Careers For The Outdoors | Affordable College Online


Updated May 18, 2023

Careers For The Outdoors | Affordable College Online is an advertising-supported site. Featured or trusted partner programs and all school search, finder, or match results are for schools that compensate us. This compensation does not influence our school rankings, resource guides, or other editorially-independent information published on this site.

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Students who dream of spending their days outdoors instead of in an office might enjoy pursuing an outdoor degree. Schools award outdoor degrees in a variety of majors and education levels. For example, many colleges offer degrees in natural science, forestry, and agriculture. Other schools offer degrees in conservation and outdoor education. 

Outdoor degrees open up many doors for students unsure about what kind of work they want to do. Graduates can find many exciting outdoor careers that require a lot of time out of an office. Learners can also choose from several paths in outdoor education. Students interested in conserving the environment may enjoy a career in the outdoors.

To succeed in the outdoor field, students should have a passion for nature and the environment. Many outdoor jobs require knowledge of earth and life sciences. Students should also possess hands-on research skills.

The job outlook holds strong for many outdoor careers. For example, the Bureau of Labor Statistics (BLS) projects jobs for conservation scientists to grow 5% from 2019-2029.


Frequently Asked Questions About Outdoor Careers

Q. What careers involve being outdoors?

Learners can pursue outdoor careers in agriculture, food science, forestry, and geoscience. Careers in conservation, environmental engineering, architecture, and landscaping may also interest students. Other options include jobs in parks, public lands, and outdoor/adventure guiding.

Q. What degree do you need to work outdoors?

Many jobs in these fields do not require a degree. But, jobs in the sciences usually require a bachelor's or master's degree in life science or engineering.

Q. What are the best-paying outdoor jobs?

The highest-paying outdoor jobs include civil engineers, wildlife biologists, and conservation scientists. Architectural engineers and landscape architects also earn high wages.

Outdoor Degrees

Students choose from several degree options depending on their grade level, subject area, and specialization. For example, students may pursue a bachelor's degree in agriculture or a master's degree in conservation sciences. Admission requirements for each program vary. Depending on the type of degree, completion requirements also vary.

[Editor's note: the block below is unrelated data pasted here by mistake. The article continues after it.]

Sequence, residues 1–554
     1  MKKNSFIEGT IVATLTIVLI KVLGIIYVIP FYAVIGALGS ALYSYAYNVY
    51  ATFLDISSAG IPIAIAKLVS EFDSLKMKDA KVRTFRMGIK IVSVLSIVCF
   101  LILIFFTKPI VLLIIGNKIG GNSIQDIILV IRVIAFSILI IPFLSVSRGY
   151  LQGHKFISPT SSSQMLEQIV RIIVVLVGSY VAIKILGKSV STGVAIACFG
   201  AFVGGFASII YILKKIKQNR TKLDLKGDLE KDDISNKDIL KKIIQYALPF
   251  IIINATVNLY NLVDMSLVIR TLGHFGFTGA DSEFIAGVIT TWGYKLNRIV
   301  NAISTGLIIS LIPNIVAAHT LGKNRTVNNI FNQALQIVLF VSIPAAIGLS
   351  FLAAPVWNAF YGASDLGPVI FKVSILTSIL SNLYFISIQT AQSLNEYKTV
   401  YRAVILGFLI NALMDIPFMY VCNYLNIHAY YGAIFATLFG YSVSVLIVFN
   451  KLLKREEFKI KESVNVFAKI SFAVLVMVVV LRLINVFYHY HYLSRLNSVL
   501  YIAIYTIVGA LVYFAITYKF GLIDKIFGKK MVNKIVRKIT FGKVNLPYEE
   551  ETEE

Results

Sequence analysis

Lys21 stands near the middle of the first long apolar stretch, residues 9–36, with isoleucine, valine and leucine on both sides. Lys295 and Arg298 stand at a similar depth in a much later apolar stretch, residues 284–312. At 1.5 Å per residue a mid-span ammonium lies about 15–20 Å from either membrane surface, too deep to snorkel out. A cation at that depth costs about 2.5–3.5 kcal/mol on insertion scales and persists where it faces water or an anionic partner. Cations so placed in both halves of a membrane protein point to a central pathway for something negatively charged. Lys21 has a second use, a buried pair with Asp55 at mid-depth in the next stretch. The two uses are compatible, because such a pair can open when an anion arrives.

Below we list a few of the many degrees available to students interested in careers for the outdoors.


Agriculture or agricultural sciences degrees prepare students for roles as farm, ranch, or vineyard managers. Other options include agricultural scientists and food scientists. But, the information learned in an agriculture program could prove useful in various outdoor jobs. Agriculture degrees include coursework in biology, botany, chemistry, and plant conservation. Students also learn business skills and the practice of managing land. Many programs encourage students to pursue internships or fellowships.

Environmental Engineering

Degrees in environmental engineering train students to solve environmental issues. These issues include recycling, climate change, and waste disposal. Because environmental engineering draws from many skill sets, programs offer coursework in biology, engineering, mathematics, soil science, and chemistry. Master's degrees usually require research or hands-on work. Environmental engineering degrees prepare students for jobs in government, architecture, and consulting.

Landscape Architecture

Schools offer landscape architecture degrees at both the undergraduate and graduate levels. These degrees teach students how to design parks, yards, universities, and other open spaces. Typically, the degree offers a cross between a life science or agriculture degree and an architecture degree. Coursework may include ecology, landscape and site design, and construction. Some programs may also offer business courses. Students learn how to use computer-aided design and drafting software through hands-on projects and assignments.

Marine Biology

Marine biology degrees may overlap with ecology, zoology, or wildlife biology degrees. However, many schools offer degrees in marine biology at both the graduate and undergraduate levels. Students take coursework in ecology, anatomy, cellular biology, habitat analysis, and conservation. Some programs also offer hands-on experience through at-sea expeditions. Marine biology degrees prepare students for jobs in research. These jobs usually combine work outdoors and in laboratories.

Environmental Science

Learners can earn environmental science degrees at several levels of study. They prepare students for careers as environmental scientists, specialists, researchers, or consultants. Environmental science curricula may include classes in chemistry, biology, geology, and physics. Programs sometimes offer classes in environmental regulation and policy. Others require students to complete research or an internship.

Wilderness Conservation

Degrees in wilderness conservation prepare students for careers as conservation scientists, foresters, and researchers. These occupations are typically hands-on and include significant fieldwork. Similar degree subjects include forestry, natural resources, and agricultural science. In addition to biology, ecology, chemistry, and forest resource management topics, courses also teach students theory. Degree-seekers learn how to examine and solve problems in natural conservation.

How Much Does an Outdoor Degree Cost?